Scott Cupit, Swing Patrol
Swing Patrol is one of the world’s largest swing dance schools. Founded by Scott Cupit, it’s a community of over 1,000 dancers, a passionate teaching team, four amazing troupes and a small but dedicated team of staff and volunteers. From hole-in-the-wall speakeasies to London’s great dance halls, they’ve built a massive collective energy and made great friendships along the way. Swing Patrol’s primary focus is on building an inclusive community alongside respecting the roots of the dance.

Jana Grulichová, Swing Maniacs
Swing Maniacs was originally founded by Jana Grulichová and Jordi Mundet, two crazy lovers of Swing. Their passion has taken them around the world and enabled them to participate in various international workshops. They bring this knowledge and experience to their students and the world of swing. They set up the dance school with the intention of providing a meeting point for anyone who loves to dance and wants to share their passion with others. In recent years, the ever increasing swing movement in Barcelona has turned the Catalan capital into a focal point in Europe. These days, Swing Maniacs is one of the most influential dance schools on the Barcelona scene, offering all styles of dance classes with swing music and boasts a large number of students. At Swing Maniacs you can learn Lindy Hop (swing) for children, teenagers, adults and older students; jazz steps, tap dance, balboa, blues, hip-hop, funky, contemporary dance, ballet, and much, much more!

Didier Jean-Francois, Studio 88
Studio 88 Swing has been sharing the joy of Swing dancing with all of its students for nearly 2 decades to people of all ages! The fantastic team of teachers (including many Canadian and International Champions) provide professional and playful instruction. The Studio 88 team are specialists in the instruction of dances of the 1920’s all the way to the 1950’s. Our teachers are hired world-wide to give intensive workshops, have performed on many national and international stages and the studio offers robust advanced dance opportunities including amateur and professional troupes. These troupes are legendary in many scenes all over the world.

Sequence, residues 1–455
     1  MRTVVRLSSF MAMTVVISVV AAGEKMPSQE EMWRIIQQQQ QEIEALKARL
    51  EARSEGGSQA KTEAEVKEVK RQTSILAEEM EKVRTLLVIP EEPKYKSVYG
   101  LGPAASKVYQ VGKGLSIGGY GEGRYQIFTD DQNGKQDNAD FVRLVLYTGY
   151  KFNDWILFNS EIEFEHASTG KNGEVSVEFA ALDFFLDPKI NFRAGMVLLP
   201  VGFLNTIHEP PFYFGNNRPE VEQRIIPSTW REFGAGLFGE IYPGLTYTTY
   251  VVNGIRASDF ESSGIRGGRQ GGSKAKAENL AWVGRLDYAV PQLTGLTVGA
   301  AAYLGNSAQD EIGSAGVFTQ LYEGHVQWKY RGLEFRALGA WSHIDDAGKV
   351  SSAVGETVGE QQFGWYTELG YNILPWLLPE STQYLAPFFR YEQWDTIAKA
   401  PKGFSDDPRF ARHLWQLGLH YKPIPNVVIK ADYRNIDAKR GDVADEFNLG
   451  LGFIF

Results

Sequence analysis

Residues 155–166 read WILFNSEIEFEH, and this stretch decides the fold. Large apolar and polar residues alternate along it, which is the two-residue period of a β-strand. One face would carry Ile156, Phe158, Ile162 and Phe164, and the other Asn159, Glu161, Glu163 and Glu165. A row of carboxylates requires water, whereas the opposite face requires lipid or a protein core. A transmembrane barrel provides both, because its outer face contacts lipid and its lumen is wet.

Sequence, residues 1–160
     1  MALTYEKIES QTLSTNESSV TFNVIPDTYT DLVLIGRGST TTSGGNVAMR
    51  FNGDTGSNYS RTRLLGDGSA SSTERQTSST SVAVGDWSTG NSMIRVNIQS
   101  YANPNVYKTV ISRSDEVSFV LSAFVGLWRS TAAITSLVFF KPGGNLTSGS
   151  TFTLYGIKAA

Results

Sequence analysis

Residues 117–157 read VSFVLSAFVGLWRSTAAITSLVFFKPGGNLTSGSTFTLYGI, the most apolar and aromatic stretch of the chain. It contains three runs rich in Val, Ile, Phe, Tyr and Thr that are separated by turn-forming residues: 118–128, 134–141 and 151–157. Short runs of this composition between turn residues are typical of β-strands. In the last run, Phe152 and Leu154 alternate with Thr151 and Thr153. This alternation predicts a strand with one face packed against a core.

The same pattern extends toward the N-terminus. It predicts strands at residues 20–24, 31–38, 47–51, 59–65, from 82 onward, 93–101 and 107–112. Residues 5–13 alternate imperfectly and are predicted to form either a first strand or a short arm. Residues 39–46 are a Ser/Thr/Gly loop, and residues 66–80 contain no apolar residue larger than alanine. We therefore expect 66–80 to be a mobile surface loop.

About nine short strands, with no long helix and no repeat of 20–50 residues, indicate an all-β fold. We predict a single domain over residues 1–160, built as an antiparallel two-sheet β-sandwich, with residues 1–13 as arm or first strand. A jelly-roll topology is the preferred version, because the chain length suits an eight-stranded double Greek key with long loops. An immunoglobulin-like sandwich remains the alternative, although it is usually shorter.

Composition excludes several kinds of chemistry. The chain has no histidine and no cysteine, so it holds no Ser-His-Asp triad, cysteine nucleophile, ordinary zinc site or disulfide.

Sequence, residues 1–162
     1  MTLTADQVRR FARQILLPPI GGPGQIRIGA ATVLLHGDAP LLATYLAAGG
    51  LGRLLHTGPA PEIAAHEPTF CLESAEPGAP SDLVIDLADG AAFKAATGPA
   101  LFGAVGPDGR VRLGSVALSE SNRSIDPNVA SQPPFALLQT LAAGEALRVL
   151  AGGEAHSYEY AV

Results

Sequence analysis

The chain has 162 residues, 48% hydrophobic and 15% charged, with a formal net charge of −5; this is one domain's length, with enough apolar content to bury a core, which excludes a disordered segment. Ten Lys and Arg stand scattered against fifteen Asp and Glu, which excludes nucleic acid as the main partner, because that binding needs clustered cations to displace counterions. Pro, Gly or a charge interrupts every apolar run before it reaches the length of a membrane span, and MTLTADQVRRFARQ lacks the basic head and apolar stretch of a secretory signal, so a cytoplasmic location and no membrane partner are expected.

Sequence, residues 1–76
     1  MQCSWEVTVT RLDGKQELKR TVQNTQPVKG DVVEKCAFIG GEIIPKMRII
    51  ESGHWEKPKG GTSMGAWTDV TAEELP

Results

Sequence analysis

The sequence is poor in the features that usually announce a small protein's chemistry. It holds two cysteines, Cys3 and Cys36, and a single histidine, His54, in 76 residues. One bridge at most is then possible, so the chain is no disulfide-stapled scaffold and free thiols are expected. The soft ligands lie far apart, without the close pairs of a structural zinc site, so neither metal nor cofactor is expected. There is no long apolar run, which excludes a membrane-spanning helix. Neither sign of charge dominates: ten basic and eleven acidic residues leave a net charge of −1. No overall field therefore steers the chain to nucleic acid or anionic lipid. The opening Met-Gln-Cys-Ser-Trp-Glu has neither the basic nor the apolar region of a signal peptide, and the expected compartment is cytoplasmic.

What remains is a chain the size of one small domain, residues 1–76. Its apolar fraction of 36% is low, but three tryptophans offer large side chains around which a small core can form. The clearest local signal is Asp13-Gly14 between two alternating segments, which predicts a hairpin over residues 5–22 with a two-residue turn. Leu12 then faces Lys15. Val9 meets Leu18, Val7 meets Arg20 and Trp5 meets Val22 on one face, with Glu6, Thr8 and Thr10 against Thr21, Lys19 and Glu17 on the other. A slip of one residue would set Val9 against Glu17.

About Cat
Since discovering the swing scene 10 years ago at university, Cat has been involved in many roles in a variety of swing schools. From running a university society, to teaching for various profit based schools to starting a little class in Liverpool which is now proudly a registered ‘not for profit’ business, Mersey Swing CIC.

Sunday 18th October, 12:00-13:15
“I don’t want dancing to f**k my knees/back/ankles”: A Dancer Health Panel
Hosted by Duncan Stuart

How do we dance late into the night and stay injury-free? Swing dance has many positive health benefits, but rarely do we talk about our health and wellness. Join a research fellow Emma Redding from the Dance Science program at Trinity Laban, leading sports nutrition dietician Jacqueline Birtwistle and community member and professional maverick Duncan Stuart for a panel on injury prevention, injury recovery and methods to keep us all dancing our evenings and weekends away.

About Duncan
Duncan has been dancing Lindy Hop since late 2009 and is still (mostly) in one piece.
He’s had his fair share of knee and foot issues. After seeing a number of friends have to temporarily stop dancing due to dance-related injury and pain he started a FaceBook group called “I don’t want dancing to f**k my knees/back/ankles”. The group is a place for people to share advice, experience, and war stories about dance-related injuries, prevention and recovery.

Sunday 18th October, 15:00-16:00
Conflicts in the Lindy hop World: Better Communication, Better Results
Presented by Ali Taghavi

Lindy hop has recently been experiencing a surge of conflicts: from copied artwork to competing local scenes even to cases of physical harm – upsetting issues that need to be addressed. But how?

In this presentation we will talk about how to have healthier conversations in our communities and on social media platforms; how to react when we’ve been wronged; how to speak our mind without letting a situation escalate; and how to get solutions instead of more fights.

About Ali
In the past five years my company SwingStep has grown from an idea to a teaching team of 8 full-time dancers working in several cities. We’ve overcome many challenges along the way, which gave me deep insights into constructive conflict resolution.

Lecture Room Map